Area Permit: Visitors need to obtain an Area Permit for the specific regions they plan to visit. For a Paro and Thimphu tour, visitors need to obtain the Paro and Thimphu Area Permits.
It is important to note that visitors cannot travel to Bhutan independently and must be part of a pre-booked and guided tour. The tour operator will arrange for the necessary permits and visas for their clients.
Respect the local culture: Bhutan has a rich cultural heritage that is deeply rooted in the Buddhist tradition. Visitors are expected to dress modestly, remove shoes before entering temples and dzongs, and avoid loud or disrespectful behavior.
Respect nature: Bhutan is renowned for its stunning natural beauty and visitors should take care not to damage the environment. Littering, smoking, and any other forms of pollution are strictly prohibited.
Respect local customs: Bhutanese people have their own unique customs and traditions that visitors should be mindful of. For example, pointing feet towards a statue of the Buddha is considered disrespectful.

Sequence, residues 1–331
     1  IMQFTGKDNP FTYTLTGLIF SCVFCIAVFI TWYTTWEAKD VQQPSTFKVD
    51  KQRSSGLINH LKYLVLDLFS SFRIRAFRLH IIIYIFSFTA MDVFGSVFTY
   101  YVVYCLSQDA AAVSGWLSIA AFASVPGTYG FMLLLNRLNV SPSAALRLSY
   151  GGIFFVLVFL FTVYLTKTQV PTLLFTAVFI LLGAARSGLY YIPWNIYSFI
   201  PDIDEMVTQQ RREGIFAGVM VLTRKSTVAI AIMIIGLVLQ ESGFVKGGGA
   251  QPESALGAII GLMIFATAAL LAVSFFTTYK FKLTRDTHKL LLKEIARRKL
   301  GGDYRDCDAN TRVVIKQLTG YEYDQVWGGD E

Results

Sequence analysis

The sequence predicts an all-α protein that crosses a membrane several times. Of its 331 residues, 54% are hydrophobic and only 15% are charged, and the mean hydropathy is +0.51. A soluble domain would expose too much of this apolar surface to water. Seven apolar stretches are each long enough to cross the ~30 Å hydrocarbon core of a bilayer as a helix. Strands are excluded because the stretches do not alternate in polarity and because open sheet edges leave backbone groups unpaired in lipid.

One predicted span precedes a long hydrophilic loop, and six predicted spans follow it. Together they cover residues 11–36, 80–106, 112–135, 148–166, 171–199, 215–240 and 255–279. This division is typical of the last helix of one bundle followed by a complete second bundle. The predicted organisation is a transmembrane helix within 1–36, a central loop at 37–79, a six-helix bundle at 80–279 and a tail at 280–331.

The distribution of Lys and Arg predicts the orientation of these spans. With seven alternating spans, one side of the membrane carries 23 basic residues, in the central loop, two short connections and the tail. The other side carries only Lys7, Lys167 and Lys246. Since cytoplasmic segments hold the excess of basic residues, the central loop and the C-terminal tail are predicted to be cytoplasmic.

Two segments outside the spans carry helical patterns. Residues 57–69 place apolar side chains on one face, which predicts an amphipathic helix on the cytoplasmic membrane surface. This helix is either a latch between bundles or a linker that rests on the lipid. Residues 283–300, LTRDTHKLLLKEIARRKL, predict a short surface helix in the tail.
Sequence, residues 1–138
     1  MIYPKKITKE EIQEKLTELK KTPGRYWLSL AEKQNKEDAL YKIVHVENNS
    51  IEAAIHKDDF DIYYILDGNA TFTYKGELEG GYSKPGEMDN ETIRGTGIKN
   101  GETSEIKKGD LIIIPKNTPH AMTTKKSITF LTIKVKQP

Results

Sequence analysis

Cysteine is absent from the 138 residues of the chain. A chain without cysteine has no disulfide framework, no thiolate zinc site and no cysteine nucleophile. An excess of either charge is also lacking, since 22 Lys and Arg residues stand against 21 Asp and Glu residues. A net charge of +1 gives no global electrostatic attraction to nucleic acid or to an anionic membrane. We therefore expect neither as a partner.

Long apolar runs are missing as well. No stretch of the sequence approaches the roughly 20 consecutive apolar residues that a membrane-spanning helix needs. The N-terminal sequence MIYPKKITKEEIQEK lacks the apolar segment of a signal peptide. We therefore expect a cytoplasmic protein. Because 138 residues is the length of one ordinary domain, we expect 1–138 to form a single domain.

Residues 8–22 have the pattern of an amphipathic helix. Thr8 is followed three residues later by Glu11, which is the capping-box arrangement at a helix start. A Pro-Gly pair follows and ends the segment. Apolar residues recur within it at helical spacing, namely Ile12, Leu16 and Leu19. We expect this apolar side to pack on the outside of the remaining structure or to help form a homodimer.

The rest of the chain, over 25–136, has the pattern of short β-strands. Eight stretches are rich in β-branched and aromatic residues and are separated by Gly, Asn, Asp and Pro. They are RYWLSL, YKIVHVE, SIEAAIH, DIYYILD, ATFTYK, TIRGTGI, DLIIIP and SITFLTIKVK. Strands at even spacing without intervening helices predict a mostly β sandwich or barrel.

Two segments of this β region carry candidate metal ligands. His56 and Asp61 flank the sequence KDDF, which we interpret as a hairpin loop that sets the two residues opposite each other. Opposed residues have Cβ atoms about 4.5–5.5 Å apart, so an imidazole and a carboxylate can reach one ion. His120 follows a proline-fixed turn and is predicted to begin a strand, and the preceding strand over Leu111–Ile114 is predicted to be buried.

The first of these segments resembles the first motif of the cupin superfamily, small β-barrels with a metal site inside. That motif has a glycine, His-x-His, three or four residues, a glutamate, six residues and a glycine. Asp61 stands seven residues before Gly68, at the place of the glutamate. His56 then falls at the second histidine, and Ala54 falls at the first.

Get a local guide: Having a local guide will not only help visitors get the most out of their experience, but it also helps support the local economy.
Try the local cuisine: Bhutanese cuisine is hearty and delicious, with an emphasis on red rice, dumplings, and spicy stews. Visitors should be adventurous and try as many local dishes as possible.
Respect the pace of life: Bhutanese people live a slower, more relaxed pace of life, and visitors should adjust their expectations accordingly. They should not expect the same level of efficiency as they would in a developed country.
Get enough rest: The altitude in Bhutan can be challenging for some visitors, so it's important to get enough rest and drink plenty of water. Don't forget to pack appropriately: Bhutan's climate can vary greatly, with hot, humid summers and cold, snowy winters. Visitors should pack accordingly and bring warm clothing, sturdy footwear, and a rain jacket.